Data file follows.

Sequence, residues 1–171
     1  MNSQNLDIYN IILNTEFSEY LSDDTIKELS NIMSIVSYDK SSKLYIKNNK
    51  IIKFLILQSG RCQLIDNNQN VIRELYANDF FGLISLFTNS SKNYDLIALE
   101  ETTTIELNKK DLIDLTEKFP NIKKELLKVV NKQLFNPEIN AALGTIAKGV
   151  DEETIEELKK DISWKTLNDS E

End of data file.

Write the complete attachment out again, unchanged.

Sequence, residues 1–171
     1  MNSQNLDIYN IILNTEFSEY LSDDTIKELS NIMSIVSYDK SSKLYIKNNK
    51  IIKFLILQSG RCQLIDNNQN VIRELYANDF FGLISLFTNS SKNYDLIALE
   101  ETTTIELNKK DLIDLTEKFP NIKKELLKVV NKQLFNPEIN AALGTIAKGV
   151  DEETIEELKK DISWKTLNDS E